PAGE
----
NASA takes emergency measures to continue Voyager mission

Engineers for NASA’s Voyager mission are taking measures to ensure that both spacecraft, launched in 1977, continue to explore interstellar space over the next few years.

The Voyager 1 spacecraft is depicted in this artist’s concept during a journey through interstellar space entered in 2012. Its twin, Voyager 2, moving along a different trajectory, entered interstellar space in 2018. Photo: NASA/JPL-Caltech

One of the efforts is aimed at eliminating fuel residues that accumulate in the narrow tubes of some spacecraft thrusters. These maneuvering thrusters allow both Voyagers to hold the antennas so that they are pointed at the Earth.

The team is also downloading software fixes to prevent a repeat of the glitch that occurred with Voyager 1 last year. The engineers have solved the problem, and the fix is designed to prevent the recurrence of this problem on Voyager 1 and Voyager 2.

Voyager thrusters problem

The thrusters on Voyager 1 and Voyager 2 are used to hold the antennas of spacecraft aimed at Earth for communication purposes. Spacecraft can rotate in three directions around a central axis, like a wheel. When they do, the thrusters automatically start and reorient the spacecraft so that their antennas are pointed at Earth.

Fuel enters the thrusters through fuel lines and then passes through smaller lines inside the thrusters, called inlet tubes, which are 25 times narrower than the external fuel lines. Each thruster start adds a tiny amount of fuel residue, resulting in a gradual accumulation of material over decades. In some tubes, the accumulation becomes significant. The mission began allowing the two spacecraft to rotate further by 1° in each direction before firing the thrusters to slow down this accumulation. Such a solution will reduce the frequency of starting thrusters on each spacecraft.

Voyager near Saturn in the artist’s image. Source: MacRebisz

Engineers cannot know for sure when the inlet tubes will be completely clogged. But they expect that with the new precautions, this will not happen for at least another five years and possibly much longer. The team may take additional measures in the coming years to further extend the life of the thrusters. 

Of course, the increased number of rotations may affect the loss of some scientific data. This is similar to a telephone conversation, when the interlocutor interrupts the connection from time to time. But the team came to the conclusion that the lost data would be returned over time.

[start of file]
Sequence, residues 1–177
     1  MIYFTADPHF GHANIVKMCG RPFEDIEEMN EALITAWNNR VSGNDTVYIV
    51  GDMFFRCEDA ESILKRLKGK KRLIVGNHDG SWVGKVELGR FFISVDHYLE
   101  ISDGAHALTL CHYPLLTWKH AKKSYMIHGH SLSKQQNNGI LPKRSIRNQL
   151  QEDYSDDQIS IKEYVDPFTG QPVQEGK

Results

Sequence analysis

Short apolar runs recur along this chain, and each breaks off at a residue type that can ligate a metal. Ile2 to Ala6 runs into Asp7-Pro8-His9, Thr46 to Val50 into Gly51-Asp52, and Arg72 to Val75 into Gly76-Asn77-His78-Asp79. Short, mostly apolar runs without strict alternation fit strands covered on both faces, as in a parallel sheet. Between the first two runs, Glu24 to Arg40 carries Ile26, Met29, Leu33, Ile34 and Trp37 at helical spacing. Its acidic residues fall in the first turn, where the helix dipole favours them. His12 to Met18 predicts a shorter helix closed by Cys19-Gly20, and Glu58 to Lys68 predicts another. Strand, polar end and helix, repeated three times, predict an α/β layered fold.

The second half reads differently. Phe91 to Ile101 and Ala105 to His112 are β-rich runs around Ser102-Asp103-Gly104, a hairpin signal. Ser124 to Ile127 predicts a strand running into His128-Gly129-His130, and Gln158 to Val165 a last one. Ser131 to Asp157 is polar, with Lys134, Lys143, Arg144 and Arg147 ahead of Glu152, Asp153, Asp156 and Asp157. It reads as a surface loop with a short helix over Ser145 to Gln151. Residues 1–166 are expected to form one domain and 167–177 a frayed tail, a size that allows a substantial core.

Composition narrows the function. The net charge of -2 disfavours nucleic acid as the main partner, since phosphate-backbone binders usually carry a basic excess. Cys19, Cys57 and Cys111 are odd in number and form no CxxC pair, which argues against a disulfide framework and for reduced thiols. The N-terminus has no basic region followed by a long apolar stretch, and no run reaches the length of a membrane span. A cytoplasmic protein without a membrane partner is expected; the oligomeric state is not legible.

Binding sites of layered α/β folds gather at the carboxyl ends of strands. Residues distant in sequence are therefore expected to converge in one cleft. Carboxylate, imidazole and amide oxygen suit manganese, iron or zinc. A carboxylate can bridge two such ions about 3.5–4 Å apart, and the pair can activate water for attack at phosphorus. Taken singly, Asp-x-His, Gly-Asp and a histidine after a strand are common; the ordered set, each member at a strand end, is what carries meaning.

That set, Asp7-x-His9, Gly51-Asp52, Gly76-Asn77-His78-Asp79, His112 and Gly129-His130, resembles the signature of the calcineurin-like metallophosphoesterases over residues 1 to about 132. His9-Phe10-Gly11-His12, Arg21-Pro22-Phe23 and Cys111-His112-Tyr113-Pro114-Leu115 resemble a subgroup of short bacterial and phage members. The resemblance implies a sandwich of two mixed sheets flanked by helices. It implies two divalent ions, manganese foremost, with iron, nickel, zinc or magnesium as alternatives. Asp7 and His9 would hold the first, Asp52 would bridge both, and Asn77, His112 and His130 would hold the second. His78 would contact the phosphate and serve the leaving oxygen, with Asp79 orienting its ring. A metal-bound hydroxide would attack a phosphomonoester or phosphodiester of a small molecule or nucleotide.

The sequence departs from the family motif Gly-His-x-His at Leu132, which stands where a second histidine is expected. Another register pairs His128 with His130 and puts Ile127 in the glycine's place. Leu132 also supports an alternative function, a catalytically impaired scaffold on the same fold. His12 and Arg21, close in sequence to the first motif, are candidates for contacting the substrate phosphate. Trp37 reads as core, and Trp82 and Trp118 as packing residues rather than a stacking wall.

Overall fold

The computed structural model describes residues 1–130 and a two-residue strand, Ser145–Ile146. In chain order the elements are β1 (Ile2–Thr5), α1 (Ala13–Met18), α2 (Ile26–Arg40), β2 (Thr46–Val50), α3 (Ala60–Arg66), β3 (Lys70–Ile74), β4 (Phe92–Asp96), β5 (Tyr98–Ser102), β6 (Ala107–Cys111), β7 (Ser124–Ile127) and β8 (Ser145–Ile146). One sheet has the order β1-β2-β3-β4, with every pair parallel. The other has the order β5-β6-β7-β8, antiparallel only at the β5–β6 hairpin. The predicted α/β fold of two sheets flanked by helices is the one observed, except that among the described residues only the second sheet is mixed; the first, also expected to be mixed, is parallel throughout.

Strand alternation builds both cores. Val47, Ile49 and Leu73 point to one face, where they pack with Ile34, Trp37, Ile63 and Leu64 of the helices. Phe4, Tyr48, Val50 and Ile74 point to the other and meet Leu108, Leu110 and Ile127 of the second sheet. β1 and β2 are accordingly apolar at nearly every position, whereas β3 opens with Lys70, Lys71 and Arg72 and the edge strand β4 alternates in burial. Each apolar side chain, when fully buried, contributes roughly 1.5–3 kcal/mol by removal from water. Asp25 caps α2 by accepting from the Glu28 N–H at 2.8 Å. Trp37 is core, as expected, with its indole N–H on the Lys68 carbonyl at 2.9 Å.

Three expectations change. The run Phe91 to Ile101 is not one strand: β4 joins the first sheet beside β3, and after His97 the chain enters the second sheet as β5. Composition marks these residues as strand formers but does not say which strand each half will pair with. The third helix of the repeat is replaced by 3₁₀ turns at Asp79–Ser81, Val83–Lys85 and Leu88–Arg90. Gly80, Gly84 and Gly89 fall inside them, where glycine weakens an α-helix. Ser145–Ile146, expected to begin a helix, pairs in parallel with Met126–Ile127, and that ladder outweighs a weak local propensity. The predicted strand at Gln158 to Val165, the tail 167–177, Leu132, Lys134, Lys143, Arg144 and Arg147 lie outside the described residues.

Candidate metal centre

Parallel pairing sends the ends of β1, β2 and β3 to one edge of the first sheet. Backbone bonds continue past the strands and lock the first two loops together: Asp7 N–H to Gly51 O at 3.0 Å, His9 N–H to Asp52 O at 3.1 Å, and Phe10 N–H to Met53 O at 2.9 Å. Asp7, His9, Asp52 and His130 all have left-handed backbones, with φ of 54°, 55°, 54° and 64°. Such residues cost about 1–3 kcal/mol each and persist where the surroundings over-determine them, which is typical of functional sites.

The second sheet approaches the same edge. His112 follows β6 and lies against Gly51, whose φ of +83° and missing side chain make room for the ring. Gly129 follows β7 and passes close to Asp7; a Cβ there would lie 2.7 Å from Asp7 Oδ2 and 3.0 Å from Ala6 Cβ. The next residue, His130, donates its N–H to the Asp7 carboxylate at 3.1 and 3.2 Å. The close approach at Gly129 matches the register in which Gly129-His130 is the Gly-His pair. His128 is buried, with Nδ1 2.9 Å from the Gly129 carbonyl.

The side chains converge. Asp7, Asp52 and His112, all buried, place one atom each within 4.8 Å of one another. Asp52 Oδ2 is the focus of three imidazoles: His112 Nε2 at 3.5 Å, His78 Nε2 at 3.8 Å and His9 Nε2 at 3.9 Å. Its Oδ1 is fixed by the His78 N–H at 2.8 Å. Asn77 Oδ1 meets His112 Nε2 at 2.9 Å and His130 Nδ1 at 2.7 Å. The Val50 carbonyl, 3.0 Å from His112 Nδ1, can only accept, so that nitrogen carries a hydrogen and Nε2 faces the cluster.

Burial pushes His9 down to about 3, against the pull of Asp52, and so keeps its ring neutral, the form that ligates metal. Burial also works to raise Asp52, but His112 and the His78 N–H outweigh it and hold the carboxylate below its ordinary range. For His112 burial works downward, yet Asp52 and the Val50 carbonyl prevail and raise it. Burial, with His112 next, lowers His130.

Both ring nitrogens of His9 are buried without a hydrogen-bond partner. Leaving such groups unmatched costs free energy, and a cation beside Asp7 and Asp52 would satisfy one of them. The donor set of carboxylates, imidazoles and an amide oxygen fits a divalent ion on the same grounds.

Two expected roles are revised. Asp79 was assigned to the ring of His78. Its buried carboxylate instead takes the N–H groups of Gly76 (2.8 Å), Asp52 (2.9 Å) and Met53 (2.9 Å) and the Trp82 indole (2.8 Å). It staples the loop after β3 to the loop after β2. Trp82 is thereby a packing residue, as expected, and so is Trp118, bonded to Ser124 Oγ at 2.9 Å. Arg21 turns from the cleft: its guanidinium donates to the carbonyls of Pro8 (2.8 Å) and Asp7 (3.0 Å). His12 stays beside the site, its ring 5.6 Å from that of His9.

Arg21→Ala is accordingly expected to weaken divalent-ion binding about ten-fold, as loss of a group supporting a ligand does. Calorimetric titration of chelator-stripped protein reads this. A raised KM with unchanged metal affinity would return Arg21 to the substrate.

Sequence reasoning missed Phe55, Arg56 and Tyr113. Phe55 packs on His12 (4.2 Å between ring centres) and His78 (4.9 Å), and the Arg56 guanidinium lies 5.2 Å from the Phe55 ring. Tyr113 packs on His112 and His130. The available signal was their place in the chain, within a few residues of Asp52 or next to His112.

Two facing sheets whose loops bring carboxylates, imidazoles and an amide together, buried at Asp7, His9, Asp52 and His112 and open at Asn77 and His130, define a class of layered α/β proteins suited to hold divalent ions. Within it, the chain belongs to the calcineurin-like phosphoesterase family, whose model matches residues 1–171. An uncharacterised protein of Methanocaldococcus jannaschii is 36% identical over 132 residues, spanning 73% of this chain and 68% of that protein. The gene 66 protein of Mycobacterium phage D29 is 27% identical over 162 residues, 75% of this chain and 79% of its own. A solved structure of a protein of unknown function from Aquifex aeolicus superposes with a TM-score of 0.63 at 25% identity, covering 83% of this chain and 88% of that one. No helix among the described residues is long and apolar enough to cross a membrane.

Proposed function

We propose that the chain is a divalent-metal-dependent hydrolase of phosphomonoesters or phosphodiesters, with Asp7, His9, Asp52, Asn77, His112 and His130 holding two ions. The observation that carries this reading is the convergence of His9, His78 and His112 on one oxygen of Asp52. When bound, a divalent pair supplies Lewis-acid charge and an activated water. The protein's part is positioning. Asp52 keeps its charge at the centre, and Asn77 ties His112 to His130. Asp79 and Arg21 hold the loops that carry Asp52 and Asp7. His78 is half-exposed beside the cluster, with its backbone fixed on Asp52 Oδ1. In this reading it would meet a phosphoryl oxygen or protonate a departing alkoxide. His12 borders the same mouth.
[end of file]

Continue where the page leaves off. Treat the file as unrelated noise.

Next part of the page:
Patch as an insurance policy

In 2022, the onboard computer that orients Voyager 1 to Earth began sending distorted reports about its condition, despite the fact that it continued to operate normally. It took the mission engineers months to identify the problem. The attitude articulation and control system (AACS) was misdirecting commands, writing them to the computer’s memory instead of executing them. One of these missed commands distorted the AACS status report even before it got to the engineers.

The team determined that AACS entered an incorrect mode, but could not determine the cause and therefore is not sure that the problem can occur again. A software fix should prevent this from happening.

Voyager station in the artist’s image. Source: NASA/JPL-Caltech

“This patch is like an insurance policy that will protect us in the future and help us keep these probes going as long as possible. These are the only spacecraft to ever operate in interstellar space, so the data they’re sending back is uniquely valuable to our understanding of our local universe,” said Suzanne Dodd, Voyager project manager from JPL.

Downloading and checking

Voyager 1 and Voyager 2 flew at a distance of more than 25 billion and 20 billion km from Earth, respectively. At such distances, data with corrections to the spacecraft will be received for more than 18 hours.

Due to the age of the spacecraft and the communication delay time, there is a certain risk that the fix may overwrite important code or have other unpredictable consequences for the spacecraft. The team spent months writing, reviewing, and testing the code to mitigate these risks. As an additional security measure, Voyager 2 will receive the patch first and will serve as a test site for its twin. Voyager 1 is farther from Earth than any other spacecraft, making its data more valuable to science.

The patch download started on October 20. After loading, the command will do a read of the AACS memory to make sure it is in the right place. If there are no immediate problems, the team will do a check on October 28 to verify if the patch is working properly.

Earlier we talked about how the Earth had changed during the Voyager 2 journey.

According to NASA

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